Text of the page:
British Woman Roya Saberi Negad Nobakht Held In Iran For 'Insulting Islam' On Facebook

British Woman Held In Iran For 'Insulting Islam' On Facebook

A British woman jailed in Iran fears she may be executed for insulting the Iranian government on Facebook, after she was arrested five months ago, accused of being a spy.

Roya Saberi Negad Nobakht, from Stockport, was arrested as she stepped off a plane in the provincial city of Shiraz and accused of being a spy, her husband Daryoush Taghipoor told the Manchester Evening News.

The 47-year-old is being held on suspicion of plotting to commit crimes against security and insulting Islam. Taghipoor said it is over comments she made on Facebook about the Iranian government being "too Islamic".

An Iranian female prisoner prays in her cell, in the Evin prison in Tehran, Iran

The charge is "insulting Islamic sanctities", which can carry the death penalty. She is being held in the notorious Evin prison in Tehran, where several political prisoners have been held.

Roya, an English student at Stockport College, is a naturalised British citizen who had gone to visit family in Iran in October. Two weeks into her trip, she took an internal flight to Shiraz to see a friend, and was arrested.

Taghipoor told the paper his wife had lost three stone due to stress.

“It’s a very bad situation. We don’t know what’s going on. Roya is not well at all. She has lost three stone and is frightened. She is scared that the government will kill her.”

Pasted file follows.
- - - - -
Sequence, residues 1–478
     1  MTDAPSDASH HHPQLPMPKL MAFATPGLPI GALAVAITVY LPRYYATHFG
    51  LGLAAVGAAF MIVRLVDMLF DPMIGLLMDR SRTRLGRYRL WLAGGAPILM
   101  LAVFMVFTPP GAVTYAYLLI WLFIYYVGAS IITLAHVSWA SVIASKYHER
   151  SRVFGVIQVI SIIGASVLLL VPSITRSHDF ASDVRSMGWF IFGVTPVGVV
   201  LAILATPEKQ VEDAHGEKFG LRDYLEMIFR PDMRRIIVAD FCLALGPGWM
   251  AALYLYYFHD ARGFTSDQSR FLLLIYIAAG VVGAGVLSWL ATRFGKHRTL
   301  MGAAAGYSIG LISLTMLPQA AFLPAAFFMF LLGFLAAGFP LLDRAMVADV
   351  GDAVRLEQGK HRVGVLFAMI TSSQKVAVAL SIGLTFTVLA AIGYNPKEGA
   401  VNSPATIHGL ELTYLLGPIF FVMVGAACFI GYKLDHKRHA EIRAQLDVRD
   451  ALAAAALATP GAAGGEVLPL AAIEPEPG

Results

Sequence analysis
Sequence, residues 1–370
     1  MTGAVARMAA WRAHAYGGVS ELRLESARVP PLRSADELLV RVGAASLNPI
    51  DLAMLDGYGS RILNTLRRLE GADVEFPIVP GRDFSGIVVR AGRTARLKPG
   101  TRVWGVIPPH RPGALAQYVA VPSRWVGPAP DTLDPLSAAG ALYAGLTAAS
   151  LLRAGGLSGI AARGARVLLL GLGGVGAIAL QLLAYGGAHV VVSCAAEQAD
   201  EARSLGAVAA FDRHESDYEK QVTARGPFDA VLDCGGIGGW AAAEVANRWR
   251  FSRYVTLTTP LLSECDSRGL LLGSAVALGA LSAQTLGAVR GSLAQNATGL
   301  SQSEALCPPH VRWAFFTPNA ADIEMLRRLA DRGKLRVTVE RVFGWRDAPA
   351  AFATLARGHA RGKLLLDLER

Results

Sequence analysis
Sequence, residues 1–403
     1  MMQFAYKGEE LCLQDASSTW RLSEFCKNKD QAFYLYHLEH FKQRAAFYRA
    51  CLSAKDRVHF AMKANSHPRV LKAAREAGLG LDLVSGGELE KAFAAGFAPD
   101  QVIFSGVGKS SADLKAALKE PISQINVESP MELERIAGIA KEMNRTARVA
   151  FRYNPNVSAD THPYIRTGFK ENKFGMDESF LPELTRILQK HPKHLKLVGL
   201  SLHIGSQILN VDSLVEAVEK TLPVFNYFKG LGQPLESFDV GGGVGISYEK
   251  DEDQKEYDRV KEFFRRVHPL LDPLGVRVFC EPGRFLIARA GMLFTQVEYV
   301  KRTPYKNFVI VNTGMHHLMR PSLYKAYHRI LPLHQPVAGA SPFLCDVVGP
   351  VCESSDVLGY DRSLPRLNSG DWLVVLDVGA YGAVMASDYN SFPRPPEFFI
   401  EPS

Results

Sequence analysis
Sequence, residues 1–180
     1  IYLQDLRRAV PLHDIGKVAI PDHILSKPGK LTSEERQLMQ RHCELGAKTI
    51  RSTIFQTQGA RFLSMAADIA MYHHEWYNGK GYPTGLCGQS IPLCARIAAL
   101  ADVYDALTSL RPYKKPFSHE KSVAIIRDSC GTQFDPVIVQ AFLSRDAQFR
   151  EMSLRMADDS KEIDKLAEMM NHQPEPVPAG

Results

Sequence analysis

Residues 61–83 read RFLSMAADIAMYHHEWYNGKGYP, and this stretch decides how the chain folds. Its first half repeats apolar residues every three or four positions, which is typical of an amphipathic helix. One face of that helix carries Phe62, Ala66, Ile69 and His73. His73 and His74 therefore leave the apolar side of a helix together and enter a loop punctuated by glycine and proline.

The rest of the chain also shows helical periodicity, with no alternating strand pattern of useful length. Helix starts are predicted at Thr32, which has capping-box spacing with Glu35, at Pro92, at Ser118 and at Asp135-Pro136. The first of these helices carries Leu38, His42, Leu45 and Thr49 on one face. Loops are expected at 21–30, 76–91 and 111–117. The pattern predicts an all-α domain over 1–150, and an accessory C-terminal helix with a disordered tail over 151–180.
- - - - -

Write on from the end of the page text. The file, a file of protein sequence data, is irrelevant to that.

Roya travelled to Tehran to see family in October last year. About two weeks into the trip she flew to Shiraz to visit a friend and was arrested at the airport.

“Roya is not a political activist in any way. She is just a normal citizen. The authorities don’t clarify why she has been arrested and Daryoush insists the charges are based on a confession extracted from Roya under duress.

"The government needs to do all that us feasible to get the release of this innocent British citizen.”

The British Embassy is closed in Iran, after the building was attacked by protesters in 2011, but the Foreign Office told the Independent newspaper it is "urgently" looking into her case.

Amnesty International's Iran researcher Bahareh Davis said: "If Roya Saberi Nejad Nobakht has been held solely for peacefully exercising her right to freedom of expression she must be released immediately and unconditionally.

"Regrettably, vaguely-worded and broadly-defined crimes such as 'gathering and colluding against national security' and 'insulting the Islamic sanctities', for which she appears to have been held, are often used by the Iranian authorities to curb those who peacefully express their opinions, including criticising the government."

Before You Go